Shamelessly pinched from The Age on a tip-off from TOF .
Author Jim Schembri
Date of publication 22/05/2009
THOSE large Dalek-like charity bins that dot the burbscape of Melbourne are not merely places where kind people deposit goods for the benefit of the needy. They are heartening reminders of how we live in a compassionate society composed of big-hearted citizens who are so full of the milk of human kindness that they ought to froth.
Yet also living among us are thoughtless sods who consider charity bins as dumping sites to offload junk that is obviously, well, junk. A genuine, you've-got-to-be-kidding fact is that clearing away this garbage costs the Salvation Army about $1 million a year in Victoria, and $3 million nationwide. Which is revolting.
Worse, though, are those degenerate types who cruise charity bins at night looking for stuff to steal, either for themselves or — believe this if you dare — to sell at garage sales. Such behaviour is despicable, contemptible, shameful.
That is, of course, unless you happened to be walking by a charity bin after a pleasant night out and saw standing there what appeared to be a brand-new, pristine, solid-metal DVD storage tower that would look just great in your living room.
Cast in the diffused light of a nearby pharmacy sign, the tower gleamed and sparkled. It appeared to be looking for a home — specifically mine. "Take me. Take me home. I'm yours," it seemed to say. (I may have been a little drunk.)
Then came the moral dilemma. Wasn't it wrong to take off with something intended for the less fortunate? Or was there a sound case that could promptly rationalise this pesky thought into oblivion?
People in need don't own that many DVDs, I figured. If anything, they rent, and certainly not 50 at a time, which is what this magnificent thing could hold. So it'd surely be wasted on them. Also, the tower wasn't next to the bin but stood about two metres away, hence it could be argued that it was actually on its own and had nothing to do with the charity bin.
So with the liberal application of some good old-fashioned Nixonian deniability, I persuaded myself that I had "found" the tower, promptly wedged it under my arm like a jousting lance, and took it home.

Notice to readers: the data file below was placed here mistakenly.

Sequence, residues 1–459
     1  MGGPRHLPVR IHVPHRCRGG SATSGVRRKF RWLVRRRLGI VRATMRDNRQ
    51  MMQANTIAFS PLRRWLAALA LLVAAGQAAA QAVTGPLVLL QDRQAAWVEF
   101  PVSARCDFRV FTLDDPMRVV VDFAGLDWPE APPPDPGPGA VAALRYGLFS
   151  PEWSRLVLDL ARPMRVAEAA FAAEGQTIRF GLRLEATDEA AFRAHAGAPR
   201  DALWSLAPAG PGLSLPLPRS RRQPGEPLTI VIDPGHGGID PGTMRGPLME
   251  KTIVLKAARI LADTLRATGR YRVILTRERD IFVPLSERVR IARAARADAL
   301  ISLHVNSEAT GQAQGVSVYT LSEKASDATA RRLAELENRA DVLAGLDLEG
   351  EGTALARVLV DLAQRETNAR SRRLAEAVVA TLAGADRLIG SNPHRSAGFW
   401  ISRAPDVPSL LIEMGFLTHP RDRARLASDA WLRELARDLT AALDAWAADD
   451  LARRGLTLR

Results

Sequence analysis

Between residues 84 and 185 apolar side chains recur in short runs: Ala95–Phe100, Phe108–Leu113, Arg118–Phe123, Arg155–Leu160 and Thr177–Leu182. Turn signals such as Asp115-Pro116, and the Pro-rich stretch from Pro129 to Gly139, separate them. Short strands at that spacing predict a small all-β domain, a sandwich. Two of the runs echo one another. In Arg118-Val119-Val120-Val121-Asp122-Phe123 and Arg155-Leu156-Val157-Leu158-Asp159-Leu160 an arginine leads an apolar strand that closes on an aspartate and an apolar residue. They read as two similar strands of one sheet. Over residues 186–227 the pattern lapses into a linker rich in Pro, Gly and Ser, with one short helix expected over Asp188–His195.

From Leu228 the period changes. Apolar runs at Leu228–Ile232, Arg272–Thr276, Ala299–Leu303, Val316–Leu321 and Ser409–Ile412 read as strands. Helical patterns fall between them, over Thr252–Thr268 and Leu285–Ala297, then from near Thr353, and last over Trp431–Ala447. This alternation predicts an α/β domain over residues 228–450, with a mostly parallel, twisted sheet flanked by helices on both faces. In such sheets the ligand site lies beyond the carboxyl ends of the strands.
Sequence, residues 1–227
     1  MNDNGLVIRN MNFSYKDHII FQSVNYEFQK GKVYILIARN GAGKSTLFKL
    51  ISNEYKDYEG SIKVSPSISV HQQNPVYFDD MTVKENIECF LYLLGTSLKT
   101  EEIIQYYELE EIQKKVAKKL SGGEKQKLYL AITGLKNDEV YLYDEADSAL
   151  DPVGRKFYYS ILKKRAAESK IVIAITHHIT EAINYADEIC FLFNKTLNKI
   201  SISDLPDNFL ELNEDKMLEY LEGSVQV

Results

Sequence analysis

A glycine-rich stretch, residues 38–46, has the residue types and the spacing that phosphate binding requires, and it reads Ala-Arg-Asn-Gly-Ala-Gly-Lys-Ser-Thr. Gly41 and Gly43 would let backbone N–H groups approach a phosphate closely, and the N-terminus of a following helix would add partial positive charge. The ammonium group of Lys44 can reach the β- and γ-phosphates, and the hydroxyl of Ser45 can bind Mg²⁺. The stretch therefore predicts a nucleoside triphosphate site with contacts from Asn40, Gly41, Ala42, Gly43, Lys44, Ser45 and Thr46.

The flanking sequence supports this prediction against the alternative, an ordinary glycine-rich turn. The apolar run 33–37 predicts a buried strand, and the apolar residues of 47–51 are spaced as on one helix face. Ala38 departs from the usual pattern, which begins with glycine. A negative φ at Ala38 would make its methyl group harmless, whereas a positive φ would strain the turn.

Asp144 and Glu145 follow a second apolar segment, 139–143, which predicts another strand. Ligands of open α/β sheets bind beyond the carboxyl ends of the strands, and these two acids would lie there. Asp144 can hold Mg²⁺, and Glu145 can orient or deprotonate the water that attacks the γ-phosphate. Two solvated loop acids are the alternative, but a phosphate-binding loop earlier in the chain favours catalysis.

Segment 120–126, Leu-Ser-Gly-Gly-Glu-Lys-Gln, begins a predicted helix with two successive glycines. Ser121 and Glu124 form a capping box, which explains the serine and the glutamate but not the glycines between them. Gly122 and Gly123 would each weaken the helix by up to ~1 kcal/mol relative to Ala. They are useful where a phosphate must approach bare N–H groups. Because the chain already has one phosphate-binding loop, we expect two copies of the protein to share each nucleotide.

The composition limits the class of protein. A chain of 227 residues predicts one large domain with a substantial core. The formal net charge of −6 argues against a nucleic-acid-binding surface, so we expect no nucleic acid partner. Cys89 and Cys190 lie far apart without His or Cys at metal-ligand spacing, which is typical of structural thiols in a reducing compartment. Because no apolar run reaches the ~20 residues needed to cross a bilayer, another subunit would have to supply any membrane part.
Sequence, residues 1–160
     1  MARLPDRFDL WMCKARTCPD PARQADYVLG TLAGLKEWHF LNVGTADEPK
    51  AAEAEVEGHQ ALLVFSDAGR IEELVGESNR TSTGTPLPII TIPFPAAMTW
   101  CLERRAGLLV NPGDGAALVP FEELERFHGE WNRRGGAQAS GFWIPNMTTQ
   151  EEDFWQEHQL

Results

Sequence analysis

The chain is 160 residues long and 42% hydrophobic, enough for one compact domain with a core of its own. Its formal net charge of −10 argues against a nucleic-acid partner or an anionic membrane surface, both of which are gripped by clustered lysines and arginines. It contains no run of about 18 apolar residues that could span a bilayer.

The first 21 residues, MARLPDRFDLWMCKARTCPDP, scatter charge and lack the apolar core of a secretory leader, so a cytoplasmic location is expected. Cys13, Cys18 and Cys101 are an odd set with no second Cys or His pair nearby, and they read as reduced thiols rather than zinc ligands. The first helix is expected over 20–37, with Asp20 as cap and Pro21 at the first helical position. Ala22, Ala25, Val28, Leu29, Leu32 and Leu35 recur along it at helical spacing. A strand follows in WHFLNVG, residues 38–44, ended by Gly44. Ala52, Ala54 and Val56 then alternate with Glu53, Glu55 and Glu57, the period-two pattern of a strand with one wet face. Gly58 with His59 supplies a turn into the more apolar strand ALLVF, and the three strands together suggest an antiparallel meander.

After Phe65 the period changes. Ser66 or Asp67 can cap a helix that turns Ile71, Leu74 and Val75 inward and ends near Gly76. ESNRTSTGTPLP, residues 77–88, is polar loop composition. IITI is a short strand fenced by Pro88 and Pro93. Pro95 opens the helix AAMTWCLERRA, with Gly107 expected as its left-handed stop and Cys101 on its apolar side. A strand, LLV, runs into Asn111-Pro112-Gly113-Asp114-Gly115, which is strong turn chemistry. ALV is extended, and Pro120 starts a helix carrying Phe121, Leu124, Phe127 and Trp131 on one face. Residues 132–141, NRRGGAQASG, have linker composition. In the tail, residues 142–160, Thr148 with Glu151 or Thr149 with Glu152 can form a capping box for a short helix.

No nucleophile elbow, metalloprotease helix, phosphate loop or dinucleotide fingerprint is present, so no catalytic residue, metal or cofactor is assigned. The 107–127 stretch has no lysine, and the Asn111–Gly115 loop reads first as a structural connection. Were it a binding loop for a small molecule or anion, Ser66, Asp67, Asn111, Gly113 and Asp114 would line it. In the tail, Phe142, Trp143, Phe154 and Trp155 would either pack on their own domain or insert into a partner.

Filled with my 50 favourite classic comedies — including the entire Bud Spencer/Terence Hill catalogue and the wildly misunderstood Raise the Titanic — the tower now took pride of place next to the plasma, right between the yellow and red milk crates.
It looked splendid. Heck, it looked like it belonged.
Then, at 3.17am, right in the middle of a medium-level nightmare about being speared with a lance by Richard Nixon, came this almighty crash that sounded like the house was being broken into by the monster from Cloverfield.
I ran to the living room, hit the lights and saw that the DVD tower had collapsed, and in a very special way. It appeared to have been aiming for my new, very expensive, tax-deductible Blu-ray player, which it had missed by a matter of millimetres.
I quickly deduced, CSI: Miami-like, that the welding on the metal base must have been faulty when I "found" it and had given way under the weight of the DVDs. Bugger, I thought. I consoled myself with the fact that I was now in possession of the world's longest toast rack.
Then I realised what this was. It was one of those "karma" deals, where the Great God of Getting Even with Thieving Bastards exacts revenge on wrongdoers with a customised calamity as divine punishment for their crime. I mean alleged crime.
The scrap metal value of the dismembered tower was about 12 cents, and the idea of paying a handyman to re-attach the base completely violated the sacred principle of getting something for nothing. So late that night I carried the thing back to the charity bin and deposited it with a small type-written sign that read: "DVD tower, free to good home. Base needs mending."
This, I hoped, would square me off with whatever deity was suddenly taking such an interest in my affairs and who presumably took almighty note that I left the charity bin exactly as I had found it, even though that large toaster oven looked to be in perfect working order and probably had really good resale value.
The Salvation Army Red Shield Appeal door knock is on this weekend. Dig deep.